Case in point: The Chronostop 'Driver' Chronograph.
Dating from 1967, this unusual model features a sideways-oriented dial, designed to be worn by drivers on the inside of the wrist. It utilizes a 60-second chronograph mechanism operated by a single pusher, ideal for timing laps or quarter-mile times while keeping both hands on the steering wheel. Go ahead, try it - we did. (Please just obey all local traffic laws!).
This particular example features a strong case paired with an untouched dial showing age and lume degradation - hallmarks of a life well lived (a quarter mile at a time?)
Originally, these models were fitted with either a leather strap or a mesh steel bracelet from the factory. The latter had a clasp with blank space to engrave the driver's blood type (remember, in the 60s, auto racing was still dangerous!). These are super cool but incredibly hard to find, so we've paired it up with a vintage-styled steel 'Rice Bead' bracelet which we think fits brilliantly.
We've offered a lot of Chronostops in the past, but only a small percentage of them feature the driver-oriented dial.
This is a watch that will start conversations, for sure.
Perhaps the most eccentric Omega watch ever produced (and knowing Omega, that’s saying a lot), the Chronostop driver’s watch is undeniably charming. After all, how many instances can you name of a watch brand attempting to change the way that their customers wear a watch?
The Omega Chronostop was introduced in the mid-60s as an attempt by Omega to create a lower-priced chronograph watch targeted at younger consumers. More novelty than true chronograph, the Chronostop is only able to time events up to 1 minute. We’re sure some people found a good use for it, but to be honest, this is not the most functional chronograph ever made, but at least it’s fun to use! The mono-pusher stopwatch is started with the initial press of the pusher and then it is pressed and held to freeze the orange hand and read the seconds. When the pusher is released, the totalizer returns to zero.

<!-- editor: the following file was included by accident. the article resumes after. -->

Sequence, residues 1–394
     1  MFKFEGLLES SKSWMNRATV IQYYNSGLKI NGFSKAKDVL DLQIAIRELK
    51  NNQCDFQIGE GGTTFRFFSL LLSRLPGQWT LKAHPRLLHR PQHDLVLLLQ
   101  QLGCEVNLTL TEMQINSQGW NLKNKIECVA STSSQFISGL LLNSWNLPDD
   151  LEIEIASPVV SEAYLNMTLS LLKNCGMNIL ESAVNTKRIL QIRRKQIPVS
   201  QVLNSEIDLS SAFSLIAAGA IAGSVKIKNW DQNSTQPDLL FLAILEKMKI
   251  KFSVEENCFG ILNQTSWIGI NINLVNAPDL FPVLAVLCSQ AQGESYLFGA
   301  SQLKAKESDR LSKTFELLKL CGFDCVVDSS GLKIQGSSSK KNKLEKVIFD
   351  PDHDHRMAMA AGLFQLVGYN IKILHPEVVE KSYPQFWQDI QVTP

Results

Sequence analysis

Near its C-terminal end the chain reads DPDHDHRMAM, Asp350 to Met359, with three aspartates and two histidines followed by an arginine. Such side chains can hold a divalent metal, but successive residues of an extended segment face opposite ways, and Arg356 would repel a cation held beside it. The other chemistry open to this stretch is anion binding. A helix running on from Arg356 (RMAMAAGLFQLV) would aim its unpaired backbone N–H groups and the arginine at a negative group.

The most interesting thing about the Chronostop is that it was designed to be worn on the underside of wrist. Omega advertised the Chronostrop as a driver’s watch, and pushed the idea of wearing it in that unusual fashion since the topside of the wrist isn’t easily visible while your hands are on a steering wheel. Omega even created a special version of the watch with a rotated dial (see HERE).
This particular example is completely original (excluding the bracelet), driven by the Calibre 865 manual-wound movement, and features a gorgeous blue dial with original handset in excellent condition. Its size, dial design, and unique functionality make it an interesting conversation piece, not to mention a collectable timepiece. If you’re looking for something fun, colorful and affordable, this is the one!
A video by Hodinkee explaining the history and operation of the Chronostop can be found HERE.
More information on the full Omega Chronostop line can be found HERE.
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